You might have noticed that I’m the VR guy here at TVGB, especially now that the TVGB Vivestream has returned. I also reviewed the Nintendo Labo Variety Kit when it first came out. So I’m actually surprised it took me so long to volunteer for this review. After a lot of anticipation given the phone-like nature of the Nintendo Switch, plenty of us expected that venerated video game company would jump into the VR game, but I don’t think any of us expected this. The previous Labo kits were mildly successful, but they didn’t make the biggest splash. Between that and the low resolution of the Switch’s screen, I (like most people) had mixed feelings about the idea of Labo VR. And then they announced that it would be compatible with Breath of the Wild, my favorite game of all time. So today, we’re going to talk about the Labo VR Starter Set, as well as its compatibility with Zelda and Mario.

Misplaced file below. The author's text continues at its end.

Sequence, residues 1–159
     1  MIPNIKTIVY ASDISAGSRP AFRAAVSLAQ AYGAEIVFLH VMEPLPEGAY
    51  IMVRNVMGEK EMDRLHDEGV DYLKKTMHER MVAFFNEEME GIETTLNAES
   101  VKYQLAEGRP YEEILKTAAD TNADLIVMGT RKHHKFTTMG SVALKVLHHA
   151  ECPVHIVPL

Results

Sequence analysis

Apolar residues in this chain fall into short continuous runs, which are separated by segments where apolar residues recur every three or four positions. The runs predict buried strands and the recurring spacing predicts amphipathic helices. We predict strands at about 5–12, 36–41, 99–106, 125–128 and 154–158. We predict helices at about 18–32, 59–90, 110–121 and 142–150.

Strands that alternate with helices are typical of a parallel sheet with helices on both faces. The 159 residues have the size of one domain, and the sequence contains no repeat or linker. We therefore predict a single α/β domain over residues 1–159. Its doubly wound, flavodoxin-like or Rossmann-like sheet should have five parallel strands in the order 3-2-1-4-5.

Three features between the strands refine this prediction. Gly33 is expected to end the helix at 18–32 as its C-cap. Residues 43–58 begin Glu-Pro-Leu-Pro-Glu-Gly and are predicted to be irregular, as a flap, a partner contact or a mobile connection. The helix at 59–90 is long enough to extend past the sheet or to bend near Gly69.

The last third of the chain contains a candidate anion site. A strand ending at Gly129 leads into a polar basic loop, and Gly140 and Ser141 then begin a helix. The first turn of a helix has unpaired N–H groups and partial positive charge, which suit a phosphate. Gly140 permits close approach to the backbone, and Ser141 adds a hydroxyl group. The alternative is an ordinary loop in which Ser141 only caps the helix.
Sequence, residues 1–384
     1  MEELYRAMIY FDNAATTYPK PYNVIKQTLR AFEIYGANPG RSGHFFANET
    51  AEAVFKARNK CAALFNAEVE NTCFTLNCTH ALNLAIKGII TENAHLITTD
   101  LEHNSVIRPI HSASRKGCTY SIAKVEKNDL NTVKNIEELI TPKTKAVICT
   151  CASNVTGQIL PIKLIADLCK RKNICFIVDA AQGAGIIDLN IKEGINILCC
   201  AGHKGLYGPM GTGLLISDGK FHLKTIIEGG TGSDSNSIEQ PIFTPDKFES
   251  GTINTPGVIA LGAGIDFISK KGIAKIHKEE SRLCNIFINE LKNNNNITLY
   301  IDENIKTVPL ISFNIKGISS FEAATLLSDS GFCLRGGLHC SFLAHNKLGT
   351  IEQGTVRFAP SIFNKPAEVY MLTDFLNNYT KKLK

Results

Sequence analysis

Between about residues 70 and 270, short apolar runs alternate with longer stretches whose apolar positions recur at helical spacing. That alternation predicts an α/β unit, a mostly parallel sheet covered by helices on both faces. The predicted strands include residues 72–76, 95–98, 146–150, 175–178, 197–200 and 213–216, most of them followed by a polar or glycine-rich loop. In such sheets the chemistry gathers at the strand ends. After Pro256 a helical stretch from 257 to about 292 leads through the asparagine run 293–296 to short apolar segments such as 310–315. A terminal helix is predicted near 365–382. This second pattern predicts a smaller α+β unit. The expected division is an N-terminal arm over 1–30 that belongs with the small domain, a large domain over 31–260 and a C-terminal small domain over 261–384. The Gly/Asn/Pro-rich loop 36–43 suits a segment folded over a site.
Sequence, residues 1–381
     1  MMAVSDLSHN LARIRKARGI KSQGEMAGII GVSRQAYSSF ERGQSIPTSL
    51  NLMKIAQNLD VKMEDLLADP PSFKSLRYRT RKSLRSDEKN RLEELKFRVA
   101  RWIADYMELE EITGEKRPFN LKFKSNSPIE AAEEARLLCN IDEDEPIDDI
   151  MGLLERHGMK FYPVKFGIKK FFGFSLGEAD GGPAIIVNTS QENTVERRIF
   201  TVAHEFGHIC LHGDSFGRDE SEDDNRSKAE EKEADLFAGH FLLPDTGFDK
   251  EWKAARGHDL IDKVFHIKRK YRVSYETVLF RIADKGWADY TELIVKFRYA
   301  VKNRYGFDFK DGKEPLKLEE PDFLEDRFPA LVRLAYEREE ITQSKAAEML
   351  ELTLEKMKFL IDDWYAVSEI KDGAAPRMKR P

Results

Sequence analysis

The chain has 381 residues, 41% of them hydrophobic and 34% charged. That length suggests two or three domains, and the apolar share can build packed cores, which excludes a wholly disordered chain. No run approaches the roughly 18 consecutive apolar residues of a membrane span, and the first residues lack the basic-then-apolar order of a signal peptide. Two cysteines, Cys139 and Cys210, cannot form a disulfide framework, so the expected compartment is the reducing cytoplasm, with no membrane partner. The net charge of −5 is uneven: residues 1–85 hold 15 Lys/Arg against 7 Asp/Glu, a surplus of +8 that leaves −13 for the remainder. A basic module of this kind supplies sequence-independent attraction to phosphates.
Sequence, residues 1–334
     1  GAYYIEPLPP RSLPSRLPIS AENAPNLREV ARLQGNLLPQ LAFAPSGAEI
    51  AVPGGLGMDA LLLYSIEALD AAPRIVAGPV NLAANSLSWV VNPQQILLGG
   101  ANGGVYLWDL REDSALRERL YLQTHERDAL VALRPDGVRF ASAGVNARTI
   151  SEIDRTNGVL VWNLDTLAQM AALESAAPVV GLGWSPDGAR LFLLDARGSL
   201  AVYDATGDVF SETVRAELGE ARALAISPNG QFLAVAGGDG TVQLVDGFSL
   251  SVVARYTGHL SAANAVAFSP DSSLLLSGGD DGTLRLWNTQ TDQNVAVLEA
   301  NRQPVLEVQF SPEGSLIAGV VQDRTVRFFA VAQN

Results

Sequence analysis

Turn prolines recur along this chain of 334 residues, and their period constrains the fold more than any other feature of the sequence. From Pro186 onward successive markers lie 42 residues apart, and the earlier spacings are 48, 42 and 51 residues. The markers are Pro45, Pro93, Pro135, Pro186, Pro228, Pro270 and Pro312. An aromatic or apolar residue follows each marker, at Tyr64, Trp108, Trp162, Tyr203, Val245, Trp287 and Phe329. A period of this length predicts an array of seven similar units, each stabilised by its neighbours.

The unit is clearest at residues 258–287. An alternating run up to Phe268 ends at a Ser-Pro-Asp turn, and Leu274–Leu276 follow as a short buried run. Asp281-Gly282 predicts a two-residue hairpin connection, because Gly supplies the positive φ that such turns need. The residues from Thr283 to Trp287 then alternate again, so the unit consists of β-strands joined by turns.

Now, I covered the basic Labo experience in my previous review (see the link above), but I will start by briefly talking about the building and layout. The base kit features the VR Goggles and the Blaster as well as a smaller project called the Pinwheel. All of these are pretty easy to build. The in-game instructions work as well as before and have the same charm, though there are still some changes I would recommend. For one, it would be nice if there was an option to let the instructions play automatically so you could keep your hands on what you’re building. I also still wish it didn’t have to go through creasing every single fold line. But I had little trouble putting the Blaster together, which is by far the most complex build of the set, so it’s not so bad. I admit, though, that there were a few pieces troubling enough that I worried it would break as soon as I started using it. Fortunately, it did not. The Toy-Con is really well designed, as once again the motions and feedback give Labo its advantage over regular motion controls. When you load the blaster, something inside does actually move, and when you fire, it shoots forward. Even the headset works pretty well, although the lack of a head strap was a really bad move. It’s OK when you’re using the Blaster, but when you’re trying to do anything else, you either have to hold the headset in one hand and the controller in the other, or hook the controllers to the side of the Switch while it’s in the headset and play that way.